|Yankee Dood It|
Yankee Dood It is a Warner Brothers Looney Tunes theatrical cartoon short released in 1956 and directed by Friz Freleng and written by Warren Foster. Yankee Dood It was the last of three cartoons to be underwritten by the Alfred P. Sloan Foundation, which also underwrote By Word of Mouse and Heir-Conditioned; like the other two, they are all available on Looney Tunes Golden Collection: Volume 6, Disc 2. This cartoon is also one of the rare cartoons where Sylvester has no speaking lines (except for "Ah-ha!" and "Sufferin' Succotash"), and thus there is no voice actor credit. Daws Butler voiced the shoemaker, and Arthur Q. Bryan voiced Elmer Fudd.
The title is a pun on "Yankee Doodle" and Red Skelton's famous "I Dood It" line from the Mean Widdle Kid routine.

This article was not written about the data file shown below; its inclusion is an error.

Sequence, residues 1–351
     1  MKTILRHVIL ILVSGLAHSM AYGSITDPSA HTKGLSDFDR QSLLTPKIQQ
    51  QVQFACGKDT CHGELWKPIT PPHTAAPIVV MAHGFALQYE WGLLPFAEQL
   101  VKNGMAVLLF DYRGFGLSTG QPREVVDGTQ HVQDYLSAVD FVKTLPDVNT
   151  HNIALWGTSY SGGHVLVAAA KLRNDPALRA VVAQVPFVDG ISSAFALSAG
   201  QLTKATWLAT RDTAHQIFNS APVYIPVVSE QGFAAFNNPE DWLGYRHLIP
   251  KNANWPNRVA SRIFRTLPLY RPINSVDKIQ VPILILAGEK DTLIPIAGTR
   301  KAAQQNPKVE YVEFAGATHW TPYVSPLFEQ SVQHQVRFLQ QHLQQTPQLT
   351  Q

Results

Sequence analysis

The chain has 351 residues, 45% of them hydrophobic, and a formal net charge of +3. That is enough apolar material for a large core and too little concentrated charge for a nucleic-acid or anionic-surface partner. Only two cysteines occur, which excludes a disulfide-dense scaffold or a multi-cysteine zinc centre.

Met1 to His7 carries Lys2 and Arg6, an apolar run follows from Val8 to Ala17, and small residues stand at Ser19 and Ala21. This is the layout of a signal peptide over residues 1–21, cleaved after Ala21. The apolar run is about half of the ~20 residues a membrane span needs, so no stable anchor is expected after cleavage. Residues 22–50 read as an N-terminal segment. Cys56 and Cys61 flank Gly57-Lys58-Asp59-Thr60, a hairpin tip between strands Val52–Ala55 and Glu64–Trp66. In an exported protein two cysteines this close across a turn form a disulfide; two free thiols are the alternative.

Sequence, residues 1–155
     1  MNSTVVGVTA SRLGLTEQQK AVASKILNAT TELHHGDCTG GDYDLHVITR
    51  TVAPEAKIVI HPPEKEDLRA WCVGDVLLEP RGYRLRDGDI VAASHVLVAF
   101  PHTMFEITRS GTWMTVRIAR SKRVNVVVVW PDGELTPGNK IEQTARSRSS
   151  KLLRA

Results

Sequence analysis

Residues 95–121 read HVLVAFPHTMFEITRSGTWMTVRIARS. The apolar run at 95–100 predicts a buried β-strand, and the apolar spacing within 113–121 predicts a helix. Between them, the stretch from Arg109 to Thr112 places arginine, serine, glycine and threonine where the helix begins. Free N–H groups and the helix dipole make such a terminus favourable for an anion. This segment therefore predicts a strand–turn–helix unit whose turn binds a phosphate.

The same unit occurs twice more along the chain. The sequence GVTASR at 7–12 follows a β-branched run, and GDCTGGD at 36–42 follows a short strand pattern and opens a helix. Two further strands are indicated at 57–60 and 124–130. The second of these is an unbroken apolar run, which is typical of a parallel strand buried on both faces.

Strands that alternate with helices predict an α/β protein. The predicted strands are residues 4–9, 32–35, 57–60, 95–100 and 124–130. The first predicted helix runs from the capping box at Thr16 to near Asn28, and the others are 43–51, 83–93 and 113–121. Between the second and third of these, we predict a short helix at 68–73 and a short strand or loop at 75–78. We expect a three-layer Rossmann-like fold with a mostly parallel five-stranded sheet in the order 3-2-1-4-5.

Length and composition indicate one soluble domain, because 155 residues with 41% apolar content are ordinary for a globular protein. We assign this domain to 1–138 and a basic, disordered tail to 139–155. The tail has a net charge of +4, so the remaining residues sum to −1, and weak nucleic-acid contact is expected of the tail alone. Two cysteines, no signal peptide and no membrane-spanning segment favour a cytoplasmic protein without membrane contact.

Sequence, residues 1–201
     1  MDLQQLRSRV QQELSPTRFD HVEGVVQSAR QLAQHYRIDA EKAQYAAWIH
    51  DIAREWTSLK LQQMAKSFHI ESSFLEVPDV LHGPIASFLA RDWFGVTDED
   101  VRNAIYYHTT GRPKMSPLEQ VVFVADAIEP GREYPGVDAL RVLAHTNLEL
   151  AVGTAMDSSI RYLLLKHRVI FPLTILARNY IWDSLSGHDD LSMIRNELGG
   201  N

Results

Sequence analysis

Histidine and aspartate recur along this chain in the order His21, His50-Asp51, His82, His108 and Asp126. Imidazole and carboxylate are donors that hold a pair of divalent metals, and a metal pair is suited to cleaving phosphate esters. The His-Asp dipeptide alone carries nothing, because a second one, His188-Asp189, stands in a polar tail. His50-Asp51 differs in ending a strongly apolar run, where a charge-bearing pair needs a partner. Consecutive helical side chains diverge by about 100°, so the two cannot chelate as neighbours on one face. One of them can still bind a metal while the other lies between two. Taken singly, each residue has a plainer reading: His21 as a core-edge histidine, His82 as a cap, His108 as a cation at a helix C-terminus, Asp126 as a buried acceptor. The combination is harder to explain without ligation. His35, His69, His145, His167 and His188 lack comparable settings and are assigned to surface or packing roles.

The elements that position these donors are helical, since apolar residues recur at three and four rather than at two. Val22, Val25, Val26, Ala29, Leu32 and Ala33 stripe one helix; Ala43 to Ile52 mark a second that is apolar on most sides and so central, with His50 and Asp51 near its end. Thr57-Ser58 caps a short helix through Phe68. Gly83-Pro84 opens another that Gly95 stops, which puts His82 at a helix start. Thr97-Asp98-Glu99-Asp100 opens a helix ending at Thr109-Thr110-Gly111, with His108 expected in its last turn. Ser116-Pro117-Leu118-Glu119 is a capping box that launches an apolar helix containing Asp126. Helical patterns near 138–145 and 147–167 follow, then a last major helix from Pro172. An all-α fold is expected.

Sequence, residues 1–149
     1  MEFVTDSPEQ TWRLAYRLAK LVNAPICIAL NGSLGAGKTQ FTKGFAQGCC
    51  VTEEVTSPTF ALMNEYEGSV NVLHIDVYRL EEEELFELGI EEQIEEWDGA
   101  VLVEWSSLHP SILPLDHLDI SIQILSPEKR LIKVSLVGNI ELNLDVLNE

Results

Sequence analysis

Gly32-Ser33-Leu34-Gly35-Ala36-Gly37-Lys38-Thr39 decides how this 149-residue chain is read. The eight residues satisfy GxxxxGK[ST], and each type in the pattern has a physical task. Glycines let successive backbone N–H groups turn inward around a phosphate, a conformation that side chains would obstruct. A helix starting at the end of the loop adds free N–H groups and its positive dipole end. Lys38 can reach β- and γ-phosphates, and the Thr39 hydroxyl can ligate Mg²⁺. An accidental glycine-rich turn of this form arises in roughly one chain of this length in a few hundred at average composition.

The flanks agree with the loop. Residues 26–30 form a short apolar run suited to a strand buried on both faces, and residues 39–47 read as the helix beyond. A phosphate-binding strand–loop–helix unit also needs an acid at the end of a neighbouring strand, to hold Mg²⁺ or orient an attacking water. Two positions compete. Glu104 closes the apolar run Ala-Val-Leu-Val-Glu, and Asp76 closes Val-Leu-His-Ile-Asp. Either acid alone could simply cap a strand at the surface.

This cartoon short is based on the fairy tale The Elves and the Shoemaker, set 150 years after that story took place (in the mid-19th century). Elmer Fudd is the progressive King of industrial Elves. He visits an outmoded shoemaker's shop to extol the virtues of mass production capitalism to the shoemaker, whose pet cat, Sylvester, uses the magic word, "Jehosophat" to turn Fudd's elf helper into a mouse and chases him around the shoemaker's shop. Saying "Rumpelstiltskin" changes him back to an elf.
Unlike most cartoons reissued at the time, the original end title is kept.
- Reason Magazine - Elfinomics Discussion of economic content of cartoon